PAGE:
Your Oculus Rift headset now works on lower-end PCs

Reducing the Rift in your wallet

One thing that keeps the average PC gamer from taking part in the virtual reality revolution is cost. 

Headsets like the Oculus Rift and HTC Vive need a powerful GPU to keep the framerate up (and nausea down), and that can get pricey.

However, Oculus just lowered the threshold for the Rift's compatibility, reducing the minimum specifications needed to run the headset, making it that much easier (and cheaper) to dive into VR.

Oculus revealed it would lower the Rift's spec requirements back in October, owing the achievement primarily to a combination of technologies dubbed Asynchronous Spacewarp, or AWS.

Using AWS, VR games can stay fluid by making up in-between frames of animation when graphics start to chug, all the while keeping the processing demands down to a minimum.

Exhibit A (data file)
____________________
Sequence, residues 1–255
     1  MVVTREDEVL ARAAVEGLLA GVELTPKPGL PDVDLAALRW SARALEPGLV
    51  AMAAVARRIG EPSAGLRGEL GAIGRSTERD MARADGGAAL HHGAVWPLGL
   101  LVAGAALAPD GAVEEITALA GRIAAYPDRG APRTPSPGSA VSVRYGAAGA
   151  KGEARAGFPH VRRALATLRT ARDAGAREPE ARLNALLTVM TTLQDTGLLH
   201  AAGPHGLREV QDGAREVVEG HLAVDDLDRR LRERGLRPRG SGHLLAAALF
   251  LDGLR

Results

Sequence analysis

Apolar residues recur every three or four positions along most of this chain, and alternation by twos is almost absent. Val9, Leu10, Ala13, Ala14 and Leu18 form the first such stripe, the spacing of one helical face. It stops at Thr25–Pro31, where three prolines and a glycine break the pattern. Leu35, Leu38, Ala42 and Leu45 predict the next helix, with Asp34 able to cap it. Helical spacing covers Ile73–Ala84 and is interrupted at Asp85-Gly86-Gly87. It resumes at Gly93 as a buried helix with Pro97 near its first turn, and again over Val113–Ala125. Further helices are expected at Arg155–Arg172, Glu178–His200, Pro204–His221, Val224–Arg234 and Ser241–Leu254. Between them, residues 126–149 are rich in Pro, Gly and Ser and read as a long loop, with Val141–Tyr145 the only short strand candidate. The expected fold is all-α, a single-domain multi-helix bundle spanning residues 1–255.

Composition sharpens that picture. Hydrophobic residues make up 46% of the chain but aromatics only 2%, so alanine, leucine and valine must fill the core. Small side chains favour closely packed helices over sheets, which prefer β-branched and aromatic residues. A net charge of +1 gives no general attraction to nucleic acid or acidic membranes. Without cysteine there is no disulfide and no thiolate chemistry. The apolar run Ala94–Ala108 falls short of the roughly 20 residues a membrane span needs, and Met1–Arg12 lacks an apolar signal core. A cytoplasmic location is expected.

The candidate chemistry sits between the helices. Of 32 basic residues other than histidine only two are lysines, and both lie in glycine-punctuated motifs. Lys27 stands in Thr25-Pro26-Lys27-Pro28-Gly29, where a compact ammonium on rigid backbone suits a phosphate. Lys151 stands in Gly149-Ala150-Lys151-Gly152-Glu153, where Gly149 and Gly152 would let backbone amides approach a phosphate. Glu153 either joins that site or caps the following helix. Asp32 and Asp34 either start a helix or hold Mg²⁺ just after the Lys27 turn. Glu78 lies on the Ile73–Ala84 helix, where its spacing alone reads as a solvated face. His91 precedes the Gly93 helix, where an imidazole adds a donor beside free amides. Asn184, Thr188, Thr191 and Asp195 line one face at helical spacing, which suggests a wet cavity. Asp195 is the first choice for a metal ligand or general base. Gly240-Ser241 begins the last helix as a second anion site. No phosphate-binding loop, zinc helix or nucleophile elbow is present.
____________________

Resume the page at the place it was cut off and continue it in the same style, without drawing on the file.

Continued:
This not only cuts down on motion sickness thanks to reduced lag and smoother movement, but also means less powerful PCs can keep up. 

Additionally, let's face it - Asynchronous Spacewarp is just a dang cool name for a technology.

While able to improve performance, Oculus still urges developers to optimize their games for smooth play at 90 frames per second, instead of relying on AWS.

On that note: While lower-end PCs can now handle the Rift, we caution that VR-ready computers should still reference Oculus' recommended specifications over the bare minimum for the best experience - especially if you're already prone to reaching for the Dramamine. 

ABOUT THE AUTHOR

Parker Wilhelm is a freelance writer for TechRadar. He also tinkers in Photoshop when the staff need a picture of an Xbox One battling a PS4 in a cage match or something. He really likes Persona 4.